Defenses Have a Role in This Scary World of Ours

Barry M. Blechman was assistant director of the U.S. Arms Control and Disarmament Agency from 1977 to 1980

In their stiffening opposition to the administration's plans for missile defenses, congressional Democrats have acquired a strange nostalgia for the Cold War, when the U.S. and the Soviet Union depended on nuclear deterrence for security.

They seem to have forgotten that in every crisis, there was a point at which one bad decision could have led to nuclear war and the deaths of millions of people on each side.

Take the 1962 Cuban crisis. We now know that there were tactical nuclear weapons on the island and Soviet commanders had authority to use them under certain circumstances. What if President Kennedy had listened to many of his military and civilian advisors and ordered an invasion of Cuba? Would the Soviets have used nuclear weapons on our troops? Would we have retaliated against the Soviet Union?

Or take the 1973 Middle East crisis, when the Soviet Union moved nuclear warheads into the region and threatened to intervene with airborne troops. The United States put its nuclear forces on heightened alert and Secretary of State Henry Kissinger spoke ominously of the ashes of civilization, in effect threatening nuclear war. If the Soviet leader, Leonid I. Brezhnev, hadn't backed down, what would have happened?

We like to think about deterrence in terms of submarines and aircraft, missiles and warheads. In fact, though, deterrence depends on the decisions and actions of individuals. As a result, deterrence is inherently uncertain.

We never can know what the key people in a crisis will know or not know, what they will believe or not believe, whether they will be high on mind-altering drugs or terminally ill and desperate for one last triumph.

During the Cold War, we depended on deterrence out of necessity, not choice. As the United States and the Soviet Union deployed thousands of nuclear weapons during the 1950s, it became evident that no conceivable defensive system could protect either country. The technology simply didn't exist. So long as each nation maintained the capability to destroy the other, it was believed, neither state would initiate an attack. In 1972, the two superpowers enshrined this de facto situation by ratifying the Antiballistic Missile Treaty, which prohibited the deployment of defenses, and the SALT I agreement, which legitimized the two sides' massive nuclear arsenals by setting extremely high ceilings on them.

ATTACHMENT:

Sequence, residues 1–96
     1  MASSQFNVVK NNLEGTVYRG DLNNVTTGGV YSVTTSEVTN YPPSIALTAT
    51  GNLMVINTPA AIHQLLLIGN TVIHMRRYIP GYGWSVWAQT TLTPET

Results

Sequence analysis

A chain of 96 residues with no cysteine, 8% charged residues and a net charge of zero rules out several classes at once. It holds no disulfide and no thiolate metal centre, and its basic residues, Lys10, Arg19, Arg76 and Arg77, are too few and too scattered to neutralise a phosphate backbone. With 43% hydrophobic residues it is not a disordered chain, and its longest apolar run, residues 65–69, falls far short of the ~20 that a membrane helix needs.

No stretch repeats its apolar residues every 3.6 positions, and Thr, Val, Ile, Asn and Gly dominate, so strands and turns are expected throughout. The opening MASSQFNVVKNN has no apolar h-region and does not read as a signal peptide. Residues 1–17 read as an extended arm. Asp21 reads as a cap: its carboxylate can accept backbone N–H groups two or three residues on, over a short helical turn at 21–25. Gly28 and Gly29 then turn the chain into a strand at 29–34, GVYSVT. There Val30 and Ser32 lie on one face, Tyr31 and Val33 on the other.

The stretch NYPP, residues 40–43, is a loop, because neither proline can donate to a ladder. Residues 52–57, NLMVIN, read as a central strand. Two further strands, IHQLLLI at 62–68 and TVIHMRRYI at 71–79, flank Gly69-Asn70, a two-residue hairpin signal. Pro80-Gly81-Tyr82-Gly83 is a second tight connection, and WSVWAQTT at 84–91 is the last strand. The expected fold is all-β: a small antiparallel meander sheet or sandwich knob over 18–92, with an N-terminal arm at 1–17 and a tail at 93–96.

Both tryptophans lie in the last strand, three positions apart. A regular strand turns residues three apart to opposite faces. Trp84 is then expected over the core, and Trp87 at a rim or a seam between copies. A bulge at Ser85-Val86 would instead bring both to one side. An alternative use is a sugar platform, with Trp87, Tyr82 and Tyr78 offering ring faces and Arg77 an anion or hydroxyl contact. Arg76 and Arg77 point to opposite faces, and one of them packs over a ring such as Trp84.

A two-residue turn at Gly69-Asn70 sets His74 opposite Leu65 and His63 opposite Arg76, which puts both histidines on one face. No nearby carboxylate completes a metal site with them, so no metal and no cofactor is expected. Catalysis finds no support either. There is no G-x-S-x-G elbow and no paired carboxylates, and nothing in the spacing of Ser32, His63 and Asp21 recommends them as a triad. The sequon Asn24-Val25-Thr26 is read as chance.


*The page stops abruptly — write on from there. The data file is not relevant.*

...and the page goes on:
In effect, the agreements stood logic on its head: Defenses were bad and had to be banned. More than 10,000 offensive weapons, more than enough to destroy humanity, were good and needed to be retained. But the agreements were right, given the choices at the time.

Thirty years later, however, there is an opportunity to restore common sense to strategic planning. New technologies show great promise of effective defenses. Russian nuclear forces already are dropping to much lower levels due to economic constraints. President Bush is committed to making unilateral reductions in U.S. offensive nuclear forces.

Eventually, one would hope that the United States, Russia and the other nuclear states could agree to eliminate nuclear weapons. These crude devices already pose far more dangers than benefits to all nations, but it will take time for political leaders to be willing to recognize and act on that fact.

Even without accepting the desirability of eliminating nuclear weapons, however, any policy that seeks meaningful reductions in nuclear weapons must include the deployment of effective defenses. Defenses provide a hedge against cheating or a sudden breakout from a deep-cuts agreement.

There is the basis in this logic for a new bipartisan compact on defenses and disarmament. The Bush administration's approach has been heavily weighted on the side of the former. Officials should get started on offensive reductions and speak more pragmatically about defense plans and programs.

For their part, instead of blindly defending the ABM treaty as if it were the third tablet Moses brought down from the mountain, Democrats should refocus on the real danger: nuclear weapons. They should be encouraging Bush to follow through on his commitments to reduce offensive weapons.

The administration also should be held to a sensible development program for missile defenses, following the same precepts of prudent technology management that one would expect of any multibillion-dollar expenditure of public funds. But the Democrats should not rule out the desirability of supplementing deterrence with effective defenses on ideological grounds, or on the basis of a mistaken nostalgia for the misremembered comforts of deterrence.

I remember those Cold War crises. They were very scary.

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